IndyCar | When It All Goes Wrong

The harsh reality of open-wheel racing on superspeedways gives us pause for thought.

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IndyCar | When It All Goes Wrong
Fuente imagen: MotorLAT

First and foremost, the news that Robert Wickens was "awake and alert" before being airlifted to Lehigh Valley Hospital - Cedar Crest for further evaluations was like a reassuring wave of relief that washed over all those who witnessed the destructive accident that occurred this past Sunday at Pocono Raceway. For those who could bear to watch the replay more than once, whether near or far from the event, the amazement that he was still alive must have been paradoxically reassuring.

Unfortunately, the dangers of racing were all too apparent when Wickens and Ryan Hunter-Reay touched at 200+mph and triggered a frightening crash that also collected Wickens' teammate James Hinchcliffe, Takuma Sato, and Pietro Fittipaldi. It could have engulfed even more drivers, as debris and car parts were spread throughout the impact area.

When surreal incidents like this happen, we are universally thankful for the painstakingly precise construction of the cars that these brave drivers strap themselves into. We are also thankful for the equally brave men and women who work on the safety response team, as flag marshals, and track engineers. It is the team effort that determines how quickly a race can be stopped, drivers can be safely extricated from their vehicles, and track conditions can be restored.

When the initial shock wears off, the topic inevitably turns to how we can improve safety in order to prevent such a thing from happening again.

A redesign of the catch fencing, higher safety barriers, and increased cockpit protection have all rationally been proposed by fans and former drivers through social media, over the past 36 hours. Then there are those who say that the IndyCar Series shouldn't be racing at the Pocono Raceway tri-oval in the first place. While all are entitled to their opinion, the logic of saying that the series shouldn't compete at a certain racetrack because of the wrecks that have or could occur is like saying you should always avoid taking the highway to your destinations because of the higher probability of accidents.

Racing is a dangerous and unpredictable sport. Whether you are on a karting track, dirt track, drag strip, or rally stage, the danger is ever present. What we must continue to do is anticipate certain dangers, rather than react to them, and create a logical plan that could help save lives.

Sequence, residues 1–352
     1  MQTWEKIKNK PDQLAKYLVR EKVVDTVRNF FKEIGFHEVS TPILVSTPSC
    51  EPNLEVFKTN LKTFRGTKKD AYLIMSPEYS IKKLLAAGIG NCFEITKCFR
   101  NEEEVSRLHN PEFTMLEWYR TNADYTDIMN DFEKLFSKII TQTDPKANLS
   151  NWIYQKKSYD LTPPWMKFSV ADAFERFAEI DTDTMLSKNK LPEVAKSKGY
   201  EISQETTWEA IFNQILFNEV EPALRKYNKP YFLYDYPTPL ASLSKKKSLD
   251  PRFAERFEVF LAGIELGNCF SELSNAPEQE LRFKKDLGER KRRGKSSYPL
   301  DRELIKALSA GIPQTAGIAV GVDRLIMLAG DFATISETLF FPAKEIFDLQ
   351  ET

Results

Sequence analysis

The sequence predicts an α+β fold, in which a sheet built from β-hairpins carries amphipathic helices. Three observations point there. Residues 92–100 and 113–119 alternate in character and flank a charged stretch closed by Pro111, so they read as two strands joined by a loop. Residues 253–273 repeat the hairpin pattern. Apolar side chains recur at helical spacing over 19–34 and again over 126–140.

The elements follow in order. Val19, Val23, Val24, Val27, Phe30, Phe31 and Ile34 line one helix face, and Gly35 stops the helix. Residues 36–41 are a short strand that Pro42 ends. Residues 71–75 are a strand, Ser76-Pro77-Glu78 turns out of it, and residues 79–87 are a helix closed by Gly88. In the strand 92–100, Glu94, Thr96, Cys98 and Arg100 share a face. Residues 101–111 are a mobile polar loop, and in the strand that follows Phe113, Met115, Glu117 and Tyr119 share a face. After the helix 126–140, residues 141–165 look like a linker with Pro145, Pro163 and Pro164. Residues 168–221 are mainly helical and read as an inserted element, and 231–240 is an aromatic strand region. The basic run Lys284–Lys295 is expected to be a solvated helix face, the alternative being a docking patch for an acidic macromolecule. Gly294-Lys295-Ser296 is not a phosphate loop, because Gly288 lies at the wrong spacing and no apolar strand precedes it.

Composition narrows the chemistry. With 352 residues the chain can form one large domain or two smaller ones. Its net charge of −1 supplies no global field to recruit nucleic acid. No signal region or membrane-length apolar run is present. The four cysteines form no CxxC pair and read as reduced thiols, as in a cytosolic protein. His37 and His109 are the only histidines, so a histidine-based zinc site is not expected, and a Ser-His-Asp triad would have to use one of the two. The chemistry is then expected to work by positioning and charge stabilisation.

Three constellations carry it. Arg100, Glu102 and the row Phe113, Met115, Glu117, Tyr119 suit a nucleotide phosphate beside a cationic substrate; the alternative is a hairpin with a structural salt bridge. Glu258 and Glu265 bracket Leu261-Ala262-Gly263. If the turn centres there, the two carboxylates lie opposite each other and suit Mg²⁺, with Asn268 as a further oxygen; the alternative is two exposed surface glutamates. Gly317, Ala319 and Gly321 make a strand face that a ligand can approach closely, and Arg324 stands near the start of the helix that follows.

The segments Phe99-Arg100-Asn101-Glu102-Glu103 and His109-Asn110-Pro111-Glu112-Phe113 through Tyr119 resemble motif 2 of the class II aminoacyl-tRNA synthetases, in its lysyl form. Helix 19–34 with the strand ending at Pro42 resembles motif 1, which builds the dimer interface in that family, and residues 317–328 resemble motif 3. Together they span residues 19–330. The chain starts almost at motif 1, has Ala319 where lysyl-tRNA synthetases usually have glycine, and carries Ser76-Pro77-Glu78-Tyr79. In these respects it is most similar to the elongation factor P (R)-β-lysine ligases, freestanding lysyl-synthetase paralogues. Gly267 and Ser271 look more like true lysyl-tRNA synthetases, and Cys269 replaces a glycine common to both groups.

Rather than apportion blame to either driver that made the initial contact, there is a current and low cost solution that could help minimize the chances of that situation happening again.

Many of our road vehicles come equipped with proximity sensors for parking and blind spot monitors for the road, in order to increase safety at minimal costs. Even if the system costs $1,000 for each car, that's a small amount to pay if you can prevent a collision that could cost five to ten times more.

There must be a better way to prevent an airborne car from escaping the racetrack without throwing it back into the path of approaching cars. I'm certain that the IndyCar Series has been exploring those concepts well before Sunday's accident. I still remember what racing was like before the SAFER Barrier and pit speed limits. These evolutions in safety will come, but they have to be implemented after a process of thorough experimentation and examination.

Preventing those two cars from touching should also be a priority.  Much like the subtle tone that F1 drivers hear when they cross the DRS (Drag Reduction System) activation line, a similar tone would alert a driver to the fact that they have not yet cleared a competitor. Spotters will always be needed in racing, but radar assisted technology can react in microseconds and help avert a potential disaster when two racers are fighting for the same piece of tarmac.

On a more personal note, I wasn't planning to write an opinion piece for this week. Imagine my dismay, when the driver I just wrote my last piece about, and was so confident that he could win his first race in the series, is involved in one of the scariest crashes we've seen in our lifetime. From a rational point of view, I could remind myself that I've made many predictions. Some have come true and many haven't. From an irrational perspective, I could be left feeling as if I've angered the racing gods by daring to declare a result before it's happened. Regardless, I will choose my words more carefully next time.

I would have felt equally terrible had I declared Sebastien Bourdais as the winner of the 2017 Indy 500, when the month of May started. I would have been completely devastated if I predicted a podium finish at Laguna Seca in 1999 for Gonzalo Rodriguez, in only his second race with Team Penske, or a win at the Las Vegas Motor Speedway for Dan Wheldon in 2011. The list, regrettably, goes on...

As we await more positive news about Robert Wickens and spread our hopeful thoughts amongst the racing community, I'm constantly reminded that the power of the human spirit is as great a source of healing as anything.

Just ask Bourdais, who required surgery after his qualifying accident for the Great American Race last year, and subsequently missed most of the season. He returned, much sooner than many had anticipated.

In March of this year, two rivals were battling for the lead, made contact, and Bourdais took the opportunity to win. Some had questioned whether he would ever be able to race again, when it all went wrong for him at the Indianapolis Motor Speedway. We are all hoping for a similar outcome for Robert Wickens.

Wouldn't that be a great story to tell?

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